Israel-Greece ConferenceValues from Athens and Jerusalem “have given us the modern West”
Values from Athens and Jerusalem “have given us the modern West”
CTech journalist and editor James Spiro made the remarks at the opening of Calcalist’s first Israel-Greece conference
Entrepreneurs, politicians, and business experts from Israel and Greece gathered this morning to kick off the first Israel-Greece conference hosted by Calcalist and Brown Hotels. While there, guests heard from Israeli President Isaac Herzog, Greek Minister of Tourism Vasilis Kikillias, and Israeli businessman Meni Weizman. The conference is expected to touch on a variety of topics such as real estate, innovation, and travel.
The conference is moderated by CTech journalist and editor James Spiro, who made the following remarks:
Following [remarks from President Herzog] is a tough act to follow, but I will try my best. It is a pleasure to be standing here today to kick off Calcalist’s Israel-Greece conference this morning. It marks the first time that Calcalist has hosted a conference here, and we can’t wait to hear from experts in the fields of innovation, real estate, and travel.
Years ago, while making a documentary on Greece’s economic challenges, I found myself in Athens standing at the Acropolis. While there, I started thinking of all the things that Greece and its people have given the world. Of course, there are the Olympic Games, delicious gyros and souvlaki, but there are also significant components of early civilizations that are still in our society today.
First, democracy. The ancient Greeks gave birth to modern-day democracy as we know it today. Demokratia, as it was called, outlined political reforms that promised lands were ‘ruled by the people’.
Israel might be a few years younger as a country, but it is certainly no stranger to the concept of elections - and demokratia of its own. In fact, with four elections in two years, Israel can proudly claim to be the most democratic nation in the entire Middle East, easily supplying the demand on behalf of its neighboring countries. It carries out this duty laid out by the ancient Greeks while also promoting Progressive values such as innovation in economics and liberalism in society. Its commitment to this makes it one of one the most inclusive countries in the region.
The Greeks also gifted the world with Stoicism as a method for overcoming life’s challenges, and how emotions like fear, envy, or even intense love must be put aside in order to keep ourselves under control. This philosophy can be seen as Greece overcomes tremendous economic hardship, placing a focus on travel and real estate as sectors that can bring prosperity back to the country.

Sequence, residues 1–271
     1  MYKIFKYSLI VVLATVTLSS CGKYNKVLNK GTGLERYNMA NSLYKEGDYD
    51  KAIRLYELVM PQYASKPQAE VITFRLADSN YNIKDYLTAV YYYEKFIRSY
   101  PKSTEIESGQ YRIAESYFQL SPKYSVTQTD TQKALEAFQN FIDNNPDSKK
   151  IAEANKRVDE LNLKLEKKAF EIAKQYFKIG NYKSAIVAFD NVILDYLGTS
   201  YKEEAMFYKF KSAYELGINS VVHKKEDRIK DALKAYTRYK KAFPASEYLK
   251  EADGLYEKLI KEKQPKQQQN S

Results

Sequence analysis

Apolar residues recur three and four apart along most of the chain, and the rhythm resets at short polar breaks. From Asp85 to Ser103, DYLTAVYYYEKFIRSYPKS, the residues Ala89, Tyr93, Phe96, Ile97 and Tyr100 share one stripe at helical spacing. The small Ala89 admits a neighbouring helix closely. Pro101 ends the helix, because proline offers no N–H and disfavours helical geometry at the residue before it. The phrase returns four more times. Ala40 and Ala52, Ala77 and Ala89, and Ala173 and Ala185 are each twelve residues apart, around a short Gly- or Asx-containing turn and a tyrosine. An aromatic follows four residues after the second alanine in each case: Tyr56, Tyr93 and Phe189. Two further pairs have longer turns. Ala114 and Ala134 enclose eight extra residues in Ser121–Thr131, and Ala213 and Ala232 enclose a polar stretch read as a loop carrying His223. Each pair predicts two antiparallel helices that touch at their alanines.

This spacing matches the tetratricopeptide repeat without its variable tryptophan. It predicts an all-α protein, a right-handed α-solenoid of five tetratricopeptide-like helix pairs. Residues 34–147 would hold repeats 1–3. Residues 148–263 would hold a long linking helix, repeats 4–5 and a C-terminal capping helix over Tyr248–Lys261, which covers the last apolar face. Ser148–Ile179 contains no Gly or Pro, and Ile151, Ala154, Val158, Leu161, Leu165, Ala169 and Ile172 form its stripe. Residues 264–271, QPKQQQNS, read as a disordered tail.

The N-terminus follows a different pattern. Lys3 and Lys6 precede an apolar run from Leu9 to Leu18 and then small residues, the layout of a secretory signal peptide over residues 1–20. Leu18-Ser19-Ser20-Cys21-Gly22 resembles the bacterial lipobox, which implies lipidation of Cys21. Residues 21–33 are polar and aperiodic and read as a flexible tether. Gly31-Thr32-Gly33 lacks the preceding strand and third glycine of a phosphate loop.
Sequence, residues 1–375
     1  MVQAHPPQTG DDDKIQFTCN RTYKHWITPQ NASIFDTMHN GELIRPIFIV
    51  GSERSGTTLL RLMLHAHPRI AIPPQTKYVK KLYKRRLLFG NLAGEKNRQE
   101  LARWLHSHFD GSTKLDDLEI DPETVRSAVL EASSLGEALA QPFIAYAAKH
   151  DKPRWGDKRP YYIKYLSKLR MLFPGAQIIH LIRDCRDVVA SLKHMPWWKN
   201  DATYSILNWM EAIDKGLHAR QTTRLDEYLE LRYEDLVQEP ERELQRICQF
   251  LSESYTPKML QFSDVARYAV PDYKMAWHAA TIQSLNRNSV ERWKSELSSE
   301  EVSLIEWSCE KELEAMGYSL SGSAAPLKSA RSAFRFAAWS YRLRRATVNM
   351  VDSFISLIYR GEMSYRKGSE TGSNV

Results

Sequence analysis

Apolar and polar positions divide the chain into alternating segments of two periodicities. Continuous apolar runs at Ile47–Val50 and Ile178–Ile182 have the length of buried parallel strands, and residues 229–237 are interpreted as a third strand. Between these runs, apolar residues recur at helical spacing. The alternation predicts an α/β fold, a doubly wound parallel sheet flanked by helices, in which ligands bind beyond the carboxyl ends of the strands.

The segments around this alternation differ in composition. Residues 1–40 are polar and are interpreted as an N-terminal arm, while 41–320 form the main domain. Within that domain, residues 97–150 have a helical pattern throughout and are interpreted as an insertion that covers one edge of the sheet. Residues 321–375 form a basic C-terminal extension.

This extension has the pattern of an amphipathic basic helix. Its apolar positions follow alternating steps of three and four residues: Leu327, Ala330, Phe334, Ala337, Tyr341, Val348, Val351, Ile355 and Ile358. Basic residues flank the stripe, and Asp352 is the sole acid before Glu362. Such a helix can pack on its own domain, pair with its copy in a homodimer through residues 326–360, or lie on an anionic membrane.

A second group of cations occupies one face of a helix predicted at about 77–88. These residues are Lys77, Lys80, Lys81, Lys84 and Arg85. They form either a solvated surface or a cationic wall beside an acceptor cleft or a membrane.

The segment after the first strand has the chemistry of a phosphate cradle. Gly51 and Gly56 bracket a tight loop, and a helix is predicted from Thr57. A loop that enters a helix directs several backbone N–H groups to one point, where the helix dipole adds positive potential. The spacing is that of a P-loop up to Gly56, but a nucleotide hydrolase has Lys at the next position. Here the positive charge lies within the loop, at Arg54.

What greater lesson for the Israeli entrepreneurs of today’s Startup Nation than to live a life with ‘stoic calmness’? The renowned qualities of wisdom, justice, courage, and moderation outlined nearly 2000 years ago can be seen in our leaders of today.
Finally, Greece gave us Logic - something Plato would call the highest and most powerful human capability. Well, we see this in every facet of our lives. In the protection of our business, our family, and our culture.
The blend of logic and reason from the Greeks with the Judeo-Christian values found in Jerusalem has given us the modern West. What Israel and Greece together share has spread far and wide, to regions across the world that seek inner calmness, democratic fairness, and economic freedom. That, and of course our shared love of shawarma and souvlaki!
The film I made was released nine years ago today - and yet I find myself back here for this conference hosted by Calcalist and Brown Hotels. Throughout the day, we will be hearing how the traits I mentioned have endured among folks who have no doubt practiced the art of calmness, who have lived and thrived in functioning democracies, and who use their bright minds to succeed. I can’t wait to once again hear your stories and learn your lessons.
Be sure to follow CTech and Calcalist throughout the day to keep up to date with all the latest news coming from Calcalist’s first Israel-Greece conference.